House composer at Drury Lane, London-born Thomas Arne (1710-1778) was known as a composer of masques, songs and fashionable Italian-type opera; he is also known for having composed “Rule Britannia” and “God Save the King”. Much of his output was burned in the Drury Lane fire of 1809; whatever remained was then forgotten for two centuries. The PHOENIX performance of his Trio op.3 No.6 in B-minor served as a reminder to listeners of his sophisticated, skilful instrumental writing, with each miniature movement a carefully-polished gem. The artists leaned into strategic dissonances, gave expression to tiny details, to chromaticism and tasteful ornamentation, all taking part in the lively banter of the final Allegro.

A contemporary, German court musician Carl Friedrich Abel (1723-1787), the last of the great viol players, moved to London in 1758, where he quickly established himself as a significant writer of chamber music. Slavny, Minkin and Herzog (the ‘cello here joining as an equal player, not in the continuo role) performed Abel’s Sonata No.2 in C-major op.9 No.1, (c.1772) a galant, lyrical bipartite work of the style of light chamber music popular in Georgian London. In the opening Moderato movement, Slavny’s elegant ornamenting of the repeats added to the work’s dapper feel as did the players added a touch of the inégal and made use of cadential dissonance, with detached textures chosen for the ensuing Vivace.  Their playing created a musical portrait Abel himself, a genteel character who hobnobbed with London’s artists, engravers and designers, those including Gainsborough and Cipriani.

Commissioned by The King’s Theatre in London to write two operas for the 1762-63 season, Johann Christian Bach (J.S.Bach’s youngest son) moved to London at age 27, making his home there, dwelling in prestigious locations and receiving the position of music master to Queen Charlotte and her family. In 1764, the younger Bach (1735-1782) began collaboration with Abel (who had studied with Johann Sebastian) in what was known as the Bach-Abel concert series; it was in those concerts that the two aired many of their works. Published in 1763 and dedicated to Queen Charlotte, J.C.Bach’s six opus 1 concertos were written for both the concert hall and for amateur musicians in the home. At the Jerusalem performance, this vibrant work made for fine concert fare. Its opening movement bristled with effervescent joie-de-vivre. In the Andante movement, the harpsichord solo shone through, accompanied by pizzicato (staccato on flute) chords. Then to the variations on “God Save the Queen”, conveyed with warmth of sound, its tutti punctuated by plenty of solo sections on the part of Minkin. The “London Bach”, steering away from his northern German background, was paving a new way for the concerto in the chamber music setting.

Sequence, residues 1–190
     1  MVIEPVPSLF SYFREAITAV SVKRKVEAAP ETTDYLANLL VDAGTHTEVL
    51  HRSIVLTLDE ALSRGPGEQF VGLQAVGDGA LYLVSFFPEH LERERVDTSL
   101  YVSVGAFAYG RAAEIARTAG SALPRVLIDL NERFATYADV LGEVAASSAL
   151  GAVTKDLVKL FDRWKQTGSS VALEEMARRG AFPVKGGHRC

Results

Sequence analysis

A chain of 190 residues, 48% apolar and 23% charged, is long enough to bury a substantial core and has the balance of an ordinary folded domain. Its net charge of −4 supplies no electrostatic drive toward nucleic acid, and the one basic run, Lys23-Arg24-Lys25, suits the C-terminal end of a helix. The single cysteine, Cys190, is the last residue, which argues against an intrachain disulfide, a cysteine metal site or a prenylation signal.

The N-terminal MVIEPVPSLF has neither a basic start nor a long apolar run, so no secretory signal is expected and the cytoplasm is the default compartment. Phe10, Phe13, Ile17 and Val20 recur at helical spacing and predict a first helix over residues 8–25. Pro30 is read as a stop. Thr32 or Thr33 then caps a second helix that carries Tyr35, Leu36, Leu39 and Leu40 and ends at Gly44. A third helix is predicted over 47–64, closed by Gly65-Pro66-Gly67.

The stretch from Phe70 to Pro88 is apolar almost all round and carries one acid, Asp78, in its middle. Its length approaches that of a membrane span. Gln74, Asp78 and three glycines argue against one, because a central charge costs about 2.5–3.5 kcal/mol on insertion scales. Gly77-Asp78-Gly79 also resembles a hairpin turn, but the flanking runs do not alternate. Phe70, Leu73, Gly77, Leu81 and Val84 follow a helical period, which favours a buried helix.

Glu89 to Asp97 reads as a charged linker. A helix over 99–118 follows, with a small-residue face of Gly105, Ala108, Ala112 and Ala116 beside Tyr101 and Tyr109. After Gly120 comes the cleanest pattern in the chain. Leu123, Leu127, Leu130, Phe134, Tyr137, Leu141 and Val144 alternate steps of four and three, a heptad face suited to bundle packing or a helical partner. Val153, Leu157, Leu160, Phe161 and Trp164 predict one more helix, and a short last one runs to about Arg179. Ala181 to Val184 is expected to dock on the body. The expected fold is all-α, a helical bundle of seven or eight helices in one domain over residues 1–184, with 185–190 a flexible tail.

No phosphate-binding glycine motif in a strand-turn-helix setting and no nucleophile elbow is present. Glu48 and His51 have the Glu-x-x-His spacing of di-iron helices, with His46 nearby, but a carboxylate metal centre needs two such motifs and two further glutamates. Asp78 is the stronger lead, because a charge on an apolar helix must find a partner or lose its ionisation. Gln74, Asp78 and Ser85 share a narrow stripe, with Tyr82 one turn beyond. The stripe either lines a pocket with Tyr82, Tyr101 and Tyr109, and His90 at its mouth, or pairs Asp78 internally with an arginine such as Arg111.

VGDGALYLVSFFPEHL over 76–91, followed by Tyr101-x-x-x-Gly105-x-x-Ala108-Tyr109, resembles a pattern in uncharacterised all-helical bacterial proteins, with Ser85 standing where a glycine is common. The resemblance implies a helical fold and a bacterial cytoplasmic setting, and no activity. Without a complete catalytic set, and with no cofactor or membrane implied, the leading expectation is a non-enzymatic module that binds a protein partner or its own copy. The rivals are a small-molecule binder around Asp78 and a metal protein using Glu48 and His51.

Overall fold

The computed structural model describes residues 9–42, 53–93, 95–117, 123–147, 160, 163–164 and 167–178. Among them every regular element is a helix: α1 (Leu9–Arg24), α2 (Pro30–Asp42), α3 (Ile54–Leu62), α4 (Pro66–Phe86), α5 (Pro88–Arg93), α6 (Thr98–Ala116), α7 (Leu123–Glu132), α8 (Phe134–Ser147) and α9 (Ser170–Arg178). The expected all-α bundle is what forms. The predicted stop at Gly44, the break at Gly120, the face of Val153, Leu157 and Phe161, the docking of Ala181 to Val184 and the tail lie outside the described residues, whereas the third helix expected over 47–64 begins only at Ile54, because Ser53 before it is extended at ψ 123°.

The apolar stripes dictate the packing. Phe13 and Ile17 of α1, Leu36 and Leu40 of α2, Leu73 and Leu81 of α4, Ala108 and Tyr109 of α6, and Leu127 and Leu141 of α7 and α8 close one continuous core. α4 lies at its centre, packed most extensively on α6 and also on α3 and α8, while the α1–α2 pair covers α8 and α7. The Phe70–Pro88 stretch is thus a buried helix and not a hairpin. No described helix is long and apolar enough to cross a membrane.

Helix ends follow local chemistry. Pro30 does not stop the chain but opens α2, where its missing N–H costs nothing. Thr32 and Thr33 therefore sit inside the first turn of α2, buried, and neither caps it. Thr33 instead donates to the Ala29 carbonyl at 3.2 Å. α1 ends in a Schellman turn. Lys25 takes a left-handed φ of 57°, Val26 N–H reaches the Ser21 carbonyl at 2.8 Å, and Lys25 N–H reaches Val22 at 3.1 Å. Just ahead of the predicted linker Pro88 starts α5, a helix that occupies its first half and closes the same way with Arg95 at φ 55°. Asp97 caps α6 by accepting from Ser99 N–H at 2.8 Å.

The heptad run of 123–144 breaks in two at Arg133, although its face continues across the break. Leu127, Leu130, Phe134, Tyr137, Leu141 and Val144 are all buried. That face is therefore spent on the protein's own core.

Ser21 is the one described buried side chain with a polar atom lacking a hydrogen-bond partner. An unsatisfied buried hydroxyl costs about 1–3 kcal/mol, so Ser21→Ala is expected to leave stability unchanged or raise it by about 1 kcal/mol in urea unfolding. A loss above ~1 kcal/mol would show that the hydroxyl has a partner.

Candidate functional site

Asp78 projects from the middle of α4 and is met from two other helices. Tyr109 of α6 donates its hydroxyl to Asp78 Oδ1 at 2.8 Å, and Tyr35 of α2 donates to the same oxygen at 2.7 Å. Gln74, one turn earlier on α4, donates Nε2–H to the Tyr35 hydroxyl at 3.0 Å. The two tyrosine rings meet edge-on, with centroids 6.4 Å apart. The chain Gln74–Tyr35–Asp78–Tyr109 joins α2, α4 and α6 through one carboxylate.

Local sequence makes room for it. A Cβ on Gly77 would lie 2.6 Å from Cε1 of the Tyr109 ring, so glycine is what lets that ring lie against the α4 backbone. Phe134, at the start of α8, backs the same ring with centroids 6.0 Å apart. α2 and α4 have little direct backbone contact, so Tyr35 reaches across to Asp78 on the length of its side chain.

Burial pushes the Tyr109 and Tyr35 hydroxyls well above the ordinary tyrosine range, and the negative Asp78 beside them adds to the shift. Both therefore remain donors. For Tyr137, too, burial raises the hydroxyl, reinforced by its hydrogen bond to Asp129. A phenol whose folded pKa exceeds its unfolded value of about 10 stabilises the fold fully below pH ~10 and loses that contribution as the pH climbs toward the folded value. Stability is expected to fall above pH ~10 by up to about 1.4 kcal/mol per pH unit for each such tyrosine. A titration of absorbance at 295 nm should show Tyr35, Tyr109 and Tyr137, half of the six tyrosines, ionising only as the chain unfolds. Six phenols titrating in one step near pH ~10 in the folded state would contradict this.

There can be no doubt that performing this music on period instruments conjures up all the timbres and intentions the above-mentioned composers would have had in mind. The flute Moshe Epstein was playing is an original Rudall & Rose instrument from London (1827), i.e. an early Romantic flute, its sound indeed similar to that of flutes heard in 18th century England. It is totally different to the modern flute, having a much gentler, more modest sound; an instrument with totally different fingering, so quite challenging to play, Epstein sounded perfectly at home on it. The violin Lilia Slavny was playing is a copy of a 1734 Guaneri del Gesù instrument built by British violinmaker Roger Hargrave (Bremen). She and Herzog alternated between Classical and Baroque bows. For this program, Myrna Herzog chose to play a truly Baroque ‘cello made by Johann Adam Reigeld (Germany, c.1730); this unique instrument has a penetrating sound and what could only be described as a “very swollen belly”. Marina Minkin was playing her Flemish harpsichord, built by Klop (Holland).  

Not hosted by singer and actress Susannah Cibber (Thomas Arne’s sister) at her Sunday evening salons, where she was hostess to “a constellation of wits, poets, actors and men of letters” (according to Burney, who also attended), not seated on Chippendale chairs or drinking tea from Wedgewood cups, the Jerusalem audience was indeed offered a delightful and authentic taste of 18th century English salon music in another of Myrna Herzog’s meticulously-researched and enlightening programs.